The pivotal trial is a part of the company’s efforts for premarket approval, as regulated by the FDA’s Center for Biologics Evaluation and Research division.
“We are honored to be working with the leading clinical research teams at each of these important centers to advance a therapeutic strategy that has great promise to help patients suffering from heart failure developed after a heart attack,” BioCardia chief medical officer Dr. Eric Duckers said in prepared remarks.
The randomized, controlled trial is slated to enroll up to 260 patients at Johns Hopkins University and the University of Florida at Gainesville.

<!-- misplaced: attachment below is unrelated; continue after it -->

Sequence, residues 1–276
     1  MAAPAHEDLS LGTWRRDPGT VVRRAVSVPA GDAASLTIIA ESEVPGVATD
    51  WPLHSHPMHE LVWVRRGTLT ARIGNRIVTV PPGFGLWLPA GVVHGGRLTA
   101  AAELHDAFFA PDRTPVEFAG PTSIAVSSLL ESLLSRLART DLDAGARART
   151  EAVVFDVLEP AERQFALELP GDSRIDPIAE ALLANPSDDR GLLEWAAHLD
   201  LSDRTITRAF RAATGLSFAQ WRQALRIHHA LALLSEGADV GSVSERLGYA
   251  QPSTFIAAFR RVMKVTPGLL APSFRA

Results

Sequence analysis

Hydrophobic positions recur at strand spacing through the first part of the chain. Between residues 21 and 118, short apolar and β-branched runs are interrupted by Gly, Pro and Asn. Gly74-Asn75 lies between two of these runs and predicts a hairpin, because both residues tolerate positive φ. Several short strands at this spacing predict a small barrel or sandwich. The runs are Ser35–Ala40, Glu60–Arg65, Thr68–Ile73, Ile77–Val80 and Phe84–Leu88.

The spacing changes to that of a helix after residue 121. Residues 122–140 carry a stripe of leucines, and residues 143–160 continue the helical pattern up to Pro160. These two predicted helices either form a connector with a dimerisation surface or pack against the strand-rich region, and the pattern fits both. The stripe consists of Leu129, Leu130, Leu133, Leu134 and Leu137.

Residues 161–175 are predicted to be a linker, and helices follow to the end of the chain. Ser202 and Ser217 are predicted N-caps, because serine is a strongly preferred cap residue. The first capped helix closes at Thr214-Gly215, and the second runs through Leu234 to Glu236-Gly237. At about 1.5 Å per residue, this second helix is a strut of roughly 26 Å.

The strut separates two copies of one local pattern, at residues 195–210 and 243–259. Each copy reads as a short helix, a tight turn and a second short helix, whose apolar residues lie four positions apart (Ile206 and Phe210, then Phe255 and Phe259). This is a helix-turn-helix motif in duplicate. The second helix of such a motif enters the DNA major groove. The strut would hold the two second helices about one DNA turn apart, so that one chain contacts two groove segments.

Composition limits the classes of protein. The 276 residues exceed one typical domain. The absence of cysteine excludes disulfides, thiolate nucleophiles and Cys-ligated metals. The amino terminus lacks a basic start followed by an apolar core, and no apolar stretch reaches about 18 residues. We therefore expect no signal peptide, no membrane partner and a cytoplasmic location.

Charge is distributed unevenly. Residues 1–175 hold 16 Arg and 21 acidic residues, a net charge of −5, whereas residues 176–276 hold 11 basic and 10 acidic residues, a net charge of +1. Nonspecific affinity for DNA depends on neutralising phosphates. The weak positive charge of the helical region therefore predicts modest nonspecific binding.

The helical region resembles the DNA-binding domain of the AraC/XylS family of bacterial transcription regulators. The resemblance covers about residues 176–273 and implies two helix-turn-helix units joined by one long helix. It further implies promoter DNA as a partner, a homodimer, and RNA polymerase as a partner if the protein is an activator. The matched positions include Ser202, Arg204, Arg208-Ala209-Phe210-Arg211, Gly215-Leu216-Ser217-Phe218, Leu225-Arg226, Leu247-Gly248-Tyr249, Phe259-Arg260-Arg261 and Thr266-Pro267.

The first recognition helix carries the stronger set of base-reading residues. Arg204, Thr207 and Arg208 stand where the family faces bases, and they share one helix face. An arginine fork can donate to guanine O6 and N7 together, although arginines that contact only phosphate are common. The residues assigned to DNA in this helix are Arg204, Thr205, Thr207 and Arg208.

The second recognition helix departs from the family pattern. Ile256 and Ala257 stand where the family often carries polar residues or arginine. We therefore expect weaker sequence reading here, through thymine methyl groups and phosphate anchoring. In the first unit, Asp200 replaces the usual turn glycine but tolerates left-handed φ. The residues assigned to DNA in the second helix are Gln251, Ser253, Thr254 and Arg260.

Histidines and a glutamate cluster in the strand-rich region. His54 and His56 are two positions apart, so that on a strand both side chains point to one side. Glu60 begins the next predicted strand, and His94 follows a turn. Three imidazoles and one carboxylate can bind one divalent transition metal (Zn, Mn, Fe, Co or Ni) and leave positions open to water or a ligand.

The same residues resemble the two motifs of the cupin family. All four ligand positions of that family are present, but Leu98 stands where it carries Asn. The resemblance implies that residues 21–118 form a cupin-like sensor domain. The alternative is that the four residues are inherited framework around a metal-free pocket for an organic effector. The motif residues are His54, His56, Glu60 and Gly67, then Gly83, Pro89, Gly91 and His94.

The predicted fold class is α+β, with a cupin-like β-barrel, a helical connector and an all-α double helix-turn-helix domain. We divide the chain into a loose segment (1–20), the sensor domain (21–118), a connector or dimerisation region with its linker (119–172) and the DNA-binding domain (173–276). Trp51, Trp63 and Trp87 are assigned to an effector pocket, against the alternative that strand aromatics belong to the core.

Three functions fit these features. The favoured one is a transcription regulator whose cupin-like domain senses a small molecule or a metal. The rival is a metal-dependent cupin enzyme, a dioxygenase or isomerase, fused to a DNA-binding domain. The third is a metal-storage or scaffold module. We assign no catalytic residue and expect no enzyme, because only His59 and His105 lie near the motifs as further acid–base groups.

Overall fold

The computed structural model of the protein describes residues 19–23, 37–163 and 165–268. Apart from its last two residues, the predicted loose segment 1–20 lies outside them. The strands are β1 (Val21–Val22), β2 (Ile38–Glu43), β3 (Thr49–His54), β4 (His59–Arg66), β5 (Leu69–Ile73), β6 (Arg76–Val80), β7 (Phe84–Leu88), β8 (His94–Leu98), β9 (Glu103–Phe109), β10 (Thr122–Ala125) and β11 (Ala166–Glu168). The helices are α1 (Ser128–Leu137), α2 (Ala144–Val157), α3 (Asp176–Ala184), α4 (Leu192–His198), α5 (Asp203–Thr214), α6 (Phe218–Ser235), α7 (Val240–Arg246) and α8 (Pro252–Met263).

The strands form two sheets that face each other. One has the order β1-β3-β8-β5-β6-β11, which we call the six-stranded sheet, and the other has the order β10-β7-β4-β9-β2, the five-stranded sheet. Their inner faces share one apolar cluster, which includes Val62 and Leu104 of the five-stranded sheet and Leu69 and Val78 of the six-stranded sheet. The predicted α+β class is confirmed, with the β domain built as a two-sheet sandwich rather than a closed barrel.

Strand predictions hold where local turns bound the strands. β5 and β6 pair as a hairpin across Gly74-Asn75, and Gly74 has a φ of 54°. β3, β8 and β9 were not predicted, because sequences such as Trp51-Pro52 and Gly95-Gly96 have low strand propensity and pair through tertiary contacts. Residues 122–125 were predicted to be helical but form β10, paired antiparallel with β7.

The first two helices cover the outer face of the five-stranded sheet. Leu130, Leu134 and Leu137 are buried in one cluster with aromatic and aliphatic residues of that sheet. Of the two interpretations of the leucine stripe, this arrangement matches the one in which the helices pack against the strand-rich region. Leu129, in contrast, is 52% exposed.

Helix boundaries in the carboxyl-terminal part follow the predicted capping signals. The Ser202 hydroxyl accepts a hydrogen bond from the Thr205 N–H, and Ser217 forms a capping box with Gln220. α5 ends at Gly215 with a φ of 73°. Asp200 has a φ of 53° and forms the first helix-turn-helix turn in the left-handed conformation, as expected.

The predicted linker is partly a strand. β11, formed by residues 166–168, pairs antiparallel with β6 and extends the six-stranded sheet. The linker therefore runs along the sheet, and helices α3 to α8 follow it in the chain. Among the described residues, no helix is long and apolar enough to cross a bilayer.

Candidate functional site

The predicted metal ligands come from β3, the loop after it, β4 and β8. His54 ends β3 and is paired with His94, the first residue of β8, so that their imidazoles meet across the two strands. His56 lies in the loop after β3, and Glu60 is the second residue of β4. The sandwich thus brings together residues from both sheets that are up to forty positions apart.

The San Carlos, Calif.-based company’s CardiAmp cell therapy combines a biomarker panel, a cell processing system for autologous bone marrow-derived cells and a transendocardial delivery system.
BioCardia’s cell therapy system first characterizes the potency of a patient’s own bone marrow cells and determines if the patient is eligble for therapy. A small amount of marrow is collected from the patient’s iliac crest and then processed at the patient’s bedside. The cells are infused using a routine cardiac catheterization procedure with the company’s Helix delivery system.
Steve MacMillan took over as CEO of Hologic in 2013, drawing on his experience at medtech titans like Stryker and Johnson & Johnson. Since then, Hologic has grown into a $3 billion business.
At DeviceTalks Boston, MacMillan will provide exclusive insights into the Massachusetts-based company and its evolving definition of women's healthcare. You don't want to miss it!
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